As the presidential election enters its final three months there are plenty of indications that one of the presidential tickets is doing everything it can to limit its ceiling with voters. Even before the Republican National Convention, the mathematical wisdom suggested that Donald Trump was going to need a surge in support from whites to challenge Hillary Clinton in November. But that demographic is at low tide for the Republicans. After a tumultuous couple of weeks that included a laundry list of high-profile errors, the Trump coalition appears to be retracting.

In the latest Fox News poll, Trump is leading white registered voters by 10 points, 49 percent to 39 percent. A new McClatchy survey recorded an even slimmer margin, 41 percent to 39 percent for Trump. He leads white non-college graduates by about 15 points in both studies.

These margins, while fluid, don’t even rise to the point of being damaging to the Trump campaign. They wreck the entire ship. According to exit polling, Mitt Romney won whites by 20 points, with 59 percent total. A different model, this one from the New York Times, estimated that Romney won the group by 17 points. Anything less than the same share for Trump, and they may as well not hold a single debate.

Republican strategists told the Hill that the GOP nominee needs between 63 and 68 percent of the white vote to win the election. And FiveThirtyEight estimated that Trump would need to win whites by at least 22 points—a bare minimum, assuming that the electorate's demographics don't change from 2012 to 2016. Because the share of white voters is expected to decrease, however, continuing the country's shift to a more diverse pool of voters, Trump will likely need to do even better.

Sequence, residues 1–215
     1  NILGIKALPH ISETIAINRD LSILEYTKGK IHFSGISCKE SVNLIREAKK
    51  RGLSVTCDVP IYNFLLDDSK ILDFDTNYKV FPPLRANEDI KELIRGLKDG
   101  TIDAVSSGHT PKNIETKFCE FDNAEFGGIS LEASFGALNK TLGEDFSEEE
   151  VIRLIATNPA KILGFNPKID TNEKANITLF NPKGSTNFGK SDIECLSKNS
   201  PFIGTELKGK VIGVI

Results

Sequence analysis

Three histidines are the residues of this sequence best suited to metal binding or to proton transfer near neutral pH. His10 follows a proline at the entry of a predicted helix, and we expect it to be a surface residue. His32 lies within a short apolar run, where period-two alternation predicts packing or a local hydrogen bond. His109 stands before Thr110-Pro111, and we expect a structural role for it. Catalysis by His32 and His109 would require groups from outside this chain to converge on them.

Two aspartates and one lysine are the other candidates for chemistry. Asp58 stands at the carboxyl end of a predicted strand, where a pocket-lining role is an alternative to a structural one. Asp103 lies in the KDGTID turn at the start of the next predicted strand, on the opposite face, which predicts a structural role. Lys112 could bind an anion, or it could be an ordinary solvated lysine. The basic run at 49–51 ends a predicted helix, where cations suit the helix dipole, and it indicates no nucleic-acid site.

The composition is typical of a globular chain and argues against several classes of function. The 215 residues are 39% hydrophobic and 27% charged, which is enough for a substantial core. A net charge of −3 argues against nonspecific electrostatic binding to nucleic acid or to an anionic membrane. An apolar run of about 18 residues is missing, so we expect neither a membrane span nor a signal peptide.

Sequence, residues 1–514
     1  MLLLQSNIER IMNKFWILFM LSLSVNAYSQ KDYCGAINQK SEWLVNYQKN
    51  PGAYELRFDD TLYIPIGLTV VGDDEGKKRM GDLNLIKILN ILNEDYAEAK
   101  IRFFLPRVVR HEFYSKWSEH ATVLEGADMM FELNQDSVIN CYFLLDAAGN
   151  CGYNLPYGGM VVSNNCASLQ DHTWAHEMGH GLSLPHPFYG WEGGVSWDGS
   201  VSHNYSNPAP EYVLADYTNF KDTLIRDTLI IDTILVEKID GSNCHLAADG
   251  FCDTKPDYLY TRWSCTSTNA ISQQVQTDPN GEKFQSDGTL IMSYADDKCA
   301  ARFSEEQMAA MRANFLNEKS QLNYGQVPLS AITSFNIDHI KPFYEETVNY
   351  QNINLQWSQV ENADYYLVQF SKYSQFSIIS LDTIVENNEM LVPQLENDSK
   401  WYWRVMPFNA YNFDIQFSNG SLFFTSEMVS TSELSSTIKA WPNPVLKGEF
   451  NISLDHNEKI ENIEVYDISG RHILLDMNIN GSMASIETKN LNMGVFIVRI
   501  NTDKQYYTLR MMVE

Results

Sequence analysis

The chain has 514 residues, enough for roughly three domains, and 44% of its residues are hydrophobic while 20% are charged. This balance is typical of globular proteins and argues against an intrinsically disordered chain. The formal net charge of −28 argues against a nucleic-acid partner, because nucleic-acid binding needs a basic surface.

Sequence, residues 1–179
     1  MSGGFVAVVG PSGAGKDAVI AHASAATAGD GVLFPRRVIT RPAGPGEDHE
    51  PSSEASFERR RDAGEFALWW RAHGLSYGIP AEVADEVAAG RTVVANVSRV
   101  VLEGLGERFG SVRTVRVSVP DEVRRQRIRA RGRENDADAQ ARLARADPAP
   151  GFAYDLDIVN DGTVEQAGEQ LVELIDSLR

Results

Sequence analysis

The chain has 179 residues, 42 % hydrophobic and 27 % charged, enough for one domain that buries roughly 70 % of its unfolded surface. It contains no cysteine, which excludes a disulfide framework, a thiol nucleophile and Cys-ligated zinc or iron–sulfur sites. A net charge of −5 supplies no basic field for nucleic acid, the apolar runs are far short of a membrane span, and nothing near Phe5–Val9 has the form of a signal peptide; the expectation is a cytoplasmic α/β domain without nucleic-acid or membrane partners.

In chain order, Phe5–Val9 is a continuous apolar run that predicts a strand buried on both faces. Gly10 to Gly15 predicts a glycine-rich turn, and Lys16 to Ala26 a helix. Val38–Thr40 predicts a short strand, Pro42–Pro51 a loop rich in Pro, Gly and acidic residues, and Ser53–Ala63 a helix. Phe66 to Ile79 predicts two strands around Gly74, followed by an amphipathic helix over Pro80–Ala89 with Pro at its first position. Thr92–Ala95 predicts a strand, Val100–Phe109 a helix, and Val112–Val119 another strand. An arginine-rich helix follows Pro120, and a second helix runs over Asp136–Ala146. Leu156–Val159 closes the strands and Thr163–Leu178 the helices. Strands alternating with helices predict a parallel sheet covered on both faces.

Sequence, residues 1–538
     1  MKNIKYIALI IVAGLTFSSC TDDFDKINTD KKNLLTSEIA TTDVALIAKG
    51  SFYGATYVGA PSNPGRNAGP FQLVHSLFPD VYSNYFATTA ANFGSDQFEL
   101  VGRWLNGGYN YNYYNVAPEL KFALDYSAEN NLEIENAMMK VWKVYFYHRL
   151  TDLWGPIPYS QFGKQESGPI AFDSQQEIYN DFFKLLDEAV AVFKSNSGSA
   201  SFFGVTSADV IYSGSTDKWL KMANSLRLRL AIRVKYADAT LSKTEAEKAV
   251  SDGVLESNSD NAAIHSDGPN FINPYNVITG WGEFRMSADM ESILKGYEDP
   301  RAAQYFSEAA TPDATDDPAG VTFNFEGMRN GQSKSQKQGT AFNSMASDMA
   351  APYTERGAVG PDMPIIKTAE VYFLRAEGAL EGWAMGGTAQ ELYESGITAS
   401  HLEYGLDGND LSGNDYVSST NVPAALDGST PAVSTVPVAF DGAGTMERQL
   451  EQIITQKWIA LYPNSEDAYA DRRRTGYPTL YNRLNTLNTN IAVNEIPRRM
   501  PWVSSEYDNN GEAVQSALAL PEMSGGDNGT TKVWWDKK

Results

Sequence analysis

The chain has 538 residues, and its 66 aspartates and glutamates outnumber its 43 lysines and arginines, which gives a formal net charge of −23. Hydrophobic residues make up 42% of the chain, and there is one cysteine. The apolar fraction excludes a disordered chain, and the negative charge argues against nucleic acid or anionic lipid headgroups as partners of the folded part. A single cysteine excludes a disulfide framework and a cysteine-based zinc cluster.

As such, he needs to give the public a reason to come to his camp. He's not doing it. Take these tough figures from the Fox survey: Only 43 percent of respondents say Trump is qualified to be president, 40 percent say he has the requisite knowledge, and just 37 percent say he has the proper temperament to do the job. Group these stats with the general pattern of Trump's high unfavorable ratings, and there's little to suggest that Trump is making himself a more attractive candidate to the public.

The primary has been over for a while now. Whereas the Republican nominee managed to endear himself then to a sufficiently significant—and utterly committed—base, there are now tens of millions of additional voters up for grabs. They include Democrats he'd be inclined to pick off with his trade and infrastructure rhetoric. They include independents. And they include the Republicans who didn't vote for him between February and June. Since the convention, he hasn't conveyed a message to attract any of them, white or otherwise. He has continued to be the story—which continues to be his problem.